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Biochim Biophys Acta. 2016 Aug;1861(8 Pt B):940-951. doi: 10.1016/j.bbalip.2016.02.024. Epub 2016 Feb 27.

The counterflow transport of sterols and PI4P.

Author information

1
Institut de Pharmacologie Moléculaire et Cellulaire, Université de Nice Sophia-Antipolis and CNRS, 06560 Valbonne, France. Electronic address: mesmin@ipmc.cnrs.fr.
2
Institut de Pharmacologie Moléculaire et Cellulaire, Université de Nice Sophia-Antipolis and CNRS, 06560 Valbonne, France. Electronic address: antonny@ipmc.cnrs.fr.

Abstract

Cholesterol levels in intracellular membranes are constantly adjusted to match with specific organelle functions. Cholesterol is kept high in the plasma membrane (PM) because it is essential for its barrier function, while low levels are found in the endoplasmic reticulum (ER) where cholesterol mediates feedback control of its own synthesis by sterol-sensor proteins. The ER→Golgi→PM concentration gradient of cholesterol in mammalian cells, and ergosterol in yeast, appears to be sustained by specific intracellular transport processes, which are mostly mediated by lipid transfer proteins (LTPs). Here we review a recently described function of two LTPs, OSBP and its yeast homolog Osh4p, which consists in creating a sterol gradient between membranes by vectorial transport. OSBP also contributes to the formation of ER/Golgi membrane contact sites, which are important hubs for the transfer of several lipid species. OSBP and Osh4p organize a counterflow transport of lipids whereby sterols are exchanged for the phosphoinositide PI4P, which is used as a fuel to drive sterol transport. This article is part of a Special Issue entitled: The cellular lipid landscape edited by Tim P. Levine and Anant K. Menon.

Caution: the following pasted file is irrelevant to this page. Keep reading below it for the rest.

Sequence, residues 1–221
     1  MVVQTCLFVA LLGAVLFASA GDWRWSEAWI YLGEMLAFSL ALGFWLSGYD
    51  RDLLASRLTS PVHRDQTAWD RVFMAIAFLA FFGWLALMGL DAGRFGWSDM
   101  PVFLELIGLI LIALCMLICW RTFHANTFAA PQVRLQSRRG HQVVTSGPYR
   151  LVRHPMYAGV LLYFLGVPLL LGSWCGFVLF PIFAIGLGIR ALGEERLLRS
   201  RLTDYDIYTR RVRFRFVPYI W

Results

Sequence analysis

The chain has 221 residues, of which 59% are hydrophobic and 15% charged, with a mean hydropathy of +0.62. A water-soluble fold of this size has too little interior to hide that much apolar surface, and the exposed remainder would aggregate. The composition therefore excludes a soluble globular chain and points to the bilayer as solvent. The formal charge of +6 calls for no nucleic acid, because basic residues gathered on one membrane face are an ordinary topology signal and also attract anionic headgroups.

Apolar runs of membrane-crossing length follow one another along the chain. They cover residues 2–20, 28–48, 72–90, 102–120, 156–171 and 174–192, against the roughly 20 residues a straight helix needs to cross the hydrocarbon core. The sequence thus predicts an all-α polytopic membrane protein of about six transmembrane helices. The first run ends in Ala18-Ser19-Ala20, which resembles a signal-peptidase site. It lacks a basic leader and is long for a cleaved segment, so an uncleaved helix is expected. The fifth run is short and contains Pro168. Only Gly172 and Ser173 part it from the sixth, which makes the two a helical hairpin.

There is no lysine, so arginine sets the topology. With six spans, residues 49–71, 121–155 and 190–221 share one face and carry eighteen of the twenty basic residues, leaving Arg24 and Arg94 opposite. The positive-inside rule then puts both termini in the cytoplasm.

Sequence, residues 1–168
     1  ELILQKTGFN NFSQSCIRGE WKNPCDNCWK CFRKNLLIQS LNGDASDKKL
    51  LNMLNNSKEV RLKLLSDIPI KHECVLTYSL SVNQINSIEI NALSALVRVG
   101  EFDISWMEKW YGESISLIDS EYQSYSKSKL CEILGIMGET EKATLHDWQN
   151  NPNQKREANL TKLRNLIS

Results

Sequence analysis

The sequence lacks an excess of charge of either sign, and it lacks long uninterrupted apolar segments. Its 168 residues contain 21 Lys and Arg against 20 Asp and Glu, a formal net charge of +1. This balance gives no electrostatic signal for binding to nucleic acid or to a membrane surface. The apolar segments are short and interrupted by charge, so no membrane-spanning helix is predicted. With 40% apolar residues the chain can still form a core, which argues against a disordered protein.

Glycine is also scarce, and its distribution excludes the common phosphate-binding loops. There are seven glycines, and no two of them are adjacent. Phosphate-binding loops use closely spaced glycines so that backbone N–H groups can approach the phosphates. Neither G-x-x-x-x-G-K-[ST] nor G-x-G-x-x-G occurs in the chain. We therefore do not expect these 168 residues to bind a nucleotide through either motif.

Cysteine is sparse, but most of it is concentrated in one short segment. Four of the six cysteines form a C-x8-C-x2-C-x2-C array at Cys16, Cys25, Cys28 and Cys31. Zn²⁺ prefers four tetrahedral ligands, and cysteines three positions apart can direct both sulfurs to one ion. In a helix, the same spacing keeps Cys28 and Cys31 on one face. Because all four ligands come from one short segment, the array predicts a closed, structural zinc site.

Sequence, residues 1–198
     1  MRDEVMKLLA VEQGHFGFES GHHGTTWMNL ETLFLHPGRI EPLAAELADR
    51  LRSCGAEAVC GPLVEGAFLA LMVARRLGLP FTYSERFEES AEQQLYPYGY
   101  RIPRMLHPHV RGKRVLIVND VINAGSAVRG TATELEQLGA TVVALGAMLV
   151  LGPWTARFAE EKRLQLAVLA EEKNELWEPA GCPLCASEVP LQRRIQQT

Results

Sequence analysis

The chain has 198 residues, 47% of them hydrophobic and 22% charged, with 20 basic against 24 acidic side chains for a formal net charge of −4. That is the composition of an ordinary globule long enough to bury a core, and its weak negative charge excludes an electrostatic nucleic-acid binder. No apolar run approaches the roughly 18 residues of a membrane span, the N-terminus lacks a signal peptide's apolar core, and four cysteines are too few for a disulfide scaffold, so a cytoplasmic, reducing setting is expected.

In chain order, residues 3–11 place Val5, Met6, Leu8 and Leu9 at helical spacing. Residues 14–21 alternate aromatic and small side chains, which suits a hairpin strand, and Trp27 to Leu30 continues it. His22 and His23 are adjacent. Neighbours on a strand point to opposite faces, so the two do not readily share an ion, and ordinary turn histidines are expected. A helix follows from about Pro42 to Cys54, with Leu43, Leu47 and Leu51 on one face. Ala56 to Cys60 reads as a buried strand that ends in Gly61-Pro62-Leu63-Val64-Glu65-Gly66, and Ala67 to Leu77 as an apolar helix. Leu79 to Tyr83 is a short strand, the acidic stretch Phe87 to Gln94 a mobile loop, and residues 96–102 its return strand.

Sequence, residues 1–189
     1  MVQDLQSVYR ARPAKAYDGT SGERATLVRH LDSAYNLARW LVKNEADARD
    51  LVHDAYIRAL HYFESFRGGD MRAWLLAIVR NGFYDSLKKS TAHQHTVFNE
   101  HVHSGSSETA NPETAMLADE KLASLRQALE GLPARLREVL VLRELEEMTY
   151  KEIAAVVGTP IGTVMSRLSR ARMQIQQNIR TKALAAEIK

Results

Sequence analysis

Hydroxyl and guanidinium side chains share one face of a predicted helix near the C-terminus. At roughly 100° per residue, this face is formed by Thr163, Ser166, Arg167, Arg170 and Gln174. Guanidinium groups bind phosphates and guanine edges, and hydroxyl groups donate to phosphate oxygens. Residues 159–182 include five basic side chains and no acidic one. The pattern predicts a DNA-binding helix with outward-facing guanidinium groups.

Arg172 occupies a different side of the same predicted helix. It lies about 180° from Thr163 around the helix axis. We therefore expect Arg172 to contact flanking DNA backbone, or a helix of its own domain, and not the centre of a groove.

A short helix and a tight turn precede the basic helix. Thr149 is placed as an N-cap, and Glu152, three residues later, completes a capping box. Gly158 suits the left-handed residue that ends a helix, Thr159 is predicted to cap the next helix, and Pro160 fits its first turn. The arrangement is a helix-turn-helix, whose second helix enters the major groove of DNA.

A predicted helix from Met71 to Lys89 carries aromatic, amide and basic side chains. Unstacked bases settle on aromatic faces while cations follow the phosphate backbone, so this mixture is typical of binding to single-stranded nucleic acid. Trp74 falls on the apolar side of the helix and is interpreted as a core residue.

KEYWORDS:

Cholesterol; Lipid transfer protein; Membrane contact site; OSBP; Osh4p; PI4P

PMID:
26928592
DOI:
10.1016/j.bbalip.2016.02.024
[Indexed for MEDLINE]

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